At the spring meeting of the Congressional Fire Service Institute’s National Advisory Committee, the committee unanimously approved a resolution sponsored by the International Association of Fire Fighters, the International Association of Fire Chiefs, and the National Volunteer Fire Council calling on CFSI to support passage of the legislation.

Congressional Staff Participate in Ride Along Program

(November 21, 2017) – Throughout the year, CFSI arranges for congressional staff to spend an evening riding with DC Fire and EMS to actual emergencies.  Another successful program took place on November 17th as participants rode on apparatus to fires, emergency medical calls and other incidents.  CFSI extends a special thanks to DC Chief Gregory Dean and his personnel for providing this educational opportunity for the participants.  

This programs is an example of how CFSI continues to perform its mission of educating members of Congress about the challenges and needs of our nation’s fire and emergency services.

House Approves Firefighter Cancer Registry Act

(September 13, 2017) – On Tuesday, September 12th, the House approved by voice vote H.R. 931, the Firefighter Cancer Registry Act. The bipartisan legislation, introduced by Congressman Chris Collins (NY-27) and Congressman Bill Pascrell, Jr. (NJ-9), creates a specialized national registry to provide researchers and epidemiologists with the tools and resources they need to improve research collection activities related to the monitoring of cancer incidence among firefighters.

Studies have indicated a strong link between firefighting and an increased risk of several major cancers, including colon, lung, melanoma, mesothelioma, non-Hodgkin’s lymphoma, non-melanoma skin cancer, prostate, rectal, testicular, stomach, multiple myeloma and brain cancer. The heightened risk of cancer among firefighters has been attributed to their frequent exposure to a range of harmful toxins.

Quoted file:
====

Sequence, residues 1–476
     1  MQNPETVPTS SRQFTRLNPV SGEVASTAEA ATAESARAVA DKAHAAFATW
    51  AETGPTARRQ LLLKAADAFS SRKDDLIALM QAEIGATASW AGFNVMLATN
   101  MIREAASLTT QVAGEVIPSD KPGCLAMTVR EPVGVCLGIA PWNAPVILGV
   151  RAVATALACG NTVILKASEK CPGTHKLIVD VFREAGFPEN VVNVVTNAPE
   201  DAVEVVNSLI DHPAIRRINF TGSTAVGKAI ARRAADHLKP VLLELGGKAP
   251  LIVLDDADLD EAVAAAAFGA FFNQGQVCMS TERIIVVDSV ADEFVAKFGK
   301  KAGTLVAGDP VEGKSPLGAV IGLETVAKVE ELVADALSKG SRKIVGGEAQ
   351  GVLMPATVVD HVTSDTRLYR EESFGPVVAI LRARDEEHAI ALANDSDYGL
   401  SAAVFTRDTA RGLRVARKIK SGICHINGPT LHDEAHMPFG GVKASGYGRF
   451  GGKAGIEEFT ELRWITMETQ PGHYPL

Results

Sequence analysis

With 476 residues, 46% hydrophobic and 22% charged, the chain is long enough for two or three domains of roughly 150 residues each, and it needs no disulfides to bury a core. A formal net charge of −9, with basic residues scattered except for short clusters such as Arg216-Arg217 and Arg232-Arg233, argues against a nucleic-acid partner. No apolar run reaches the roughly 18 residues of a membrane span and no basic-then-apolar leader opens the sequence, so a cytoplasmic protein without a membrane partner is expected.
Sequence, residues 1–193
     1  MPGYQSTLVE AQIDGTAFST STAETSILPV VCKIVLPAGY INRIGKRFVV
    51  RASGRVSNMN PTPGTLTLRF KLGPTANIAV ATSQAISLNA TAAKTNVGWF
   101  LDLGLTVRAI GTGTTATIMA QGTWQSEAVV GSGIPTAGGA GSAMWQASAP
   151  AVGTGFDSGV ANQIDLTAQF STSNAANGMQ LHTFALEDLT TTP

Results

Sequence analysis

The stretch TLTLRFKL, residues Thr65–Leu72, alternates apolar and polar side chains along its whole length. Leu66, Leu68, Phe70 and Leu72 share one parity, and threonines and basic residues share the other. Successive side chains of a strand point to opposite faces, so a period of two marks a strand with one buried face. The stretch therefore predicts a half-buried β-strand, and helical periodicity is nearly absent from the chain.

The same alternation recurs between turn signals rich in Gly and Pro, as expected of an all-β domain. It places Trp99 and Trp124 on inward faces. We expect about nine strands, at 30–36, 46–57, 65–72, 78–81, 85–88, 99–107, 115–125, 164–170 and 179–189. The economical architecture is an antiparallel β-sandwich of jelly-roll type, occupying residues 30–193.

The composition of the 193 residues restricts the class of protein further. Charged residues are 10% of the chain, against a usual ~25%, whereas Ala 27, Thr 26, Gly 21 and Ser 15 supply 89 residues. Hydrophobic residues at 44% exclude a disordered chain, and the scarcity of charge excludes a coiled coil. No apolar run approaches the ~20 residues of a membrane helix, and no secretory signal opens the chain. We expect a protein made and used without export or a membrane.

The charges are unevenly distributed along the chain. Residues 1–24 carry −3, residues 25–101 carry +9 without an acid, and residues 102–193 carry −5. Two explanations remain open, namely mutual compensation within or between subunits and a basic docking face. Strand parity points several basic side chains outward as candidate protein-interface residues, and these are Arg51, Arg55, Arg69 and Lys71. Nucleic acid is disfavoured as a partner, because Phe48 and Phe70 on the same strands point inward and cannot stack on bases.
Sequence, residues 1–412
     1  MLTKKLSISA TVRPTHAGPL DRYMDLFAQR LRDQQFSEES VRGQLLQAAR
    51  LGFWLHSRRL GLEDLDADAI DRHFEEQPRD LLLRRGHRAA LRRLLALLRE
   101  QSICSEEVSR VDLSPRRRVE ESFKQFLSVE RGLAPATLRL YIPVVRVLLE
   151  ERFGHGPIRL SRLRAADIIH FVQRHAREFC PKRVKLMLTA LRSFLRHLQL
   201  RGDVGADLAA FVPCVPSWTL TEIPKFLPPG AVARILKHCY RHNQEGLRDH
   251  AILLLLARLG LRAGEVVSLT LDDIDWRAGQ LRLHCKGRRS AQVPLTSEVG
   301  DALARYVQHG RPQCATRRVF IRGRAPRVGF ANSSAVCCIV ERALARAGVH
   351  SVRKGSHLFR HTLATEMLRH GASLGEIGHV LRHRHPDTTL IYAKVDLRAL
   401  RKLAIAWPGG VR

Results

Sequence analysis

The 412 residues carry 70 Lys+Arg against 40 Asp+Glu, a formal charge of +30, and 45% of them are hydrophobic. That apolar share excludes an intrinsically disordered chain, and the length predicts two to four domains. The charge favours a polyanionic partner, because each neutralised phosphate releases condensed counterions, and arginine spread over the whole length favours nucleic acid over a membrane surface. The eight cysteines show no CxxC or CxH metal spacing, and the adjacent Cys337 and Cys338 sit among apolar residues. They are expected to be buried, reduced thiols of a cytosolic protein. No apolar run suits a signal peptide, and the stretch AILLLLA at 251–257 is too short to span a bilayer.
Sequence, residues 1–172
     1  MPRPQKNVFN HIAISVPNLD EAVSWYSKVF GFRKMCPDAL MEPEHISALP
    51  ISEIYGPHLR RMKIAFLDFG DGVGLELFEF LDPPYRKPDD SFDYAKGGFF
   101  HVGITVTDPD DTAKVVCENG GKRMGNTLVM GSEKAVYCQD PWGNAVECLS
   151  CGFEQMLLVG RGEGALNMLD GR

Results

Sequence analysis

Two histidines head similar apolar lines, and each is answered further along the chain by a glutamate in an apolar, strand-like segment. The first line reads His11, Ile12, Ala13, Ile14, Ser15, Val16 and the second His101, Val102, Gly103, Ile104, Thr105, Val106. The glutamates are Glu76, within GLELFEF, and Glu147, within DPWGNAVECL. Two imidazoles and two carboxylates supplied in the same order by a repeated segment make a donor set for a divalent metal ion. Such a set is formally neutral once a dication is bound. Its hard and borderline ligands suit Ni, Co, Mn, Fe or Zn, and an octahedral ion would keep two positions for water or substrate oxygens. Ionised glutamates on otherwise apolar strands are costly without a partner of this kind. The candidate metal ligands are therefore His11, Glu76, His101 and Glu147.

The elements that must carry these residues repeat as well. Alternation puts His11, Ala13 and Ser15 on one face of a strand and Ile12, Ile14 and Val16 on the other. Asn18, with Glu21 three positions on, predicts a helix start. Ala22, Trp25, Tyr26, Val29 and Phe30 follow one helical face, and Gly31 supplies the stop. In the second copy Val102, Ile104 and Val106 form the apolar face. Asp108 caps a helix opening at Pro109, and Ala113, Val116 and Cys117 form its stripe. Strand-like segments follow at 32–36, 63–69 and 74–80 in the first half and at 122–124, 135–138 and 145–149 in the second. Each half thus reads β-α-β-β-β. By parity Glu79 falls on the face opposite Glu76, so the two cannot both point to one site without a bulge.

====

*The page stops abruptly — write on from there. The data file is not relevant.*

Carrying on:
Unfortunately, studies examining cancer risks among firefighters have been limited by the availability of important data and relatively small sample sizes that have an underrepresentation of women, minorities, and volunteer firefighters. As a result, public health researchers have been unable to fully examine and understand the broader epidemiological cancer trends among firefighters. A specialized national cancer registry would expand access to vital epidemiological data and improve research outcomes.

The bill will now be sent to the Senate for consideration.

Senate Passes Firefighter Grants Reauthorization

(August 3, 2017) – On August 2nd, the Senate approved S. 829, the AFG and SAFER Reauthorization Act, by unanimous consent.  The legislation, which was unanimously approved by the Senate Homeland Security and Governmental Affairs Committee on May 17th, reauthorizes the Assistance to Firefighters (AFG), the Staffing for Adequate Fire and Emergency Response (SAFER), and Fire Prevention and Safety (FP&S) grant programs through Fiscal Year 2023.  Additionally, the legislation removes a “sunset” provision in the current authorizing statute that would eliminate the programs on January 2, 2018.

S. 829 was introduced by Senator John McCain (AZ) and Senator Jon Tester (MT), both co-chairs of the Congressional Fire Services Caucus.  Senator Susan Collins (ME), chair of the Fire Caucus, and Senator Tom Carper, a fellow Fire Caucus co-chair, are original co-sponsors of the legislation.

“We are very grateful to the Senate for taking action to reauthorize these critical, life saving programs that have had such an immense impact in communities across the entire nation,” said Bill Webb, Executive Director of the Congressional Fire Services Institute.  “The passage of S. 829 is the result of a cooperative and unified effort by the national fire service organizations, as well as persistent grassroots engagement by fire service leaders throughout the country.  We strongly urge the House to approve the Senate bill as soon as they return from the August Congressional recess.”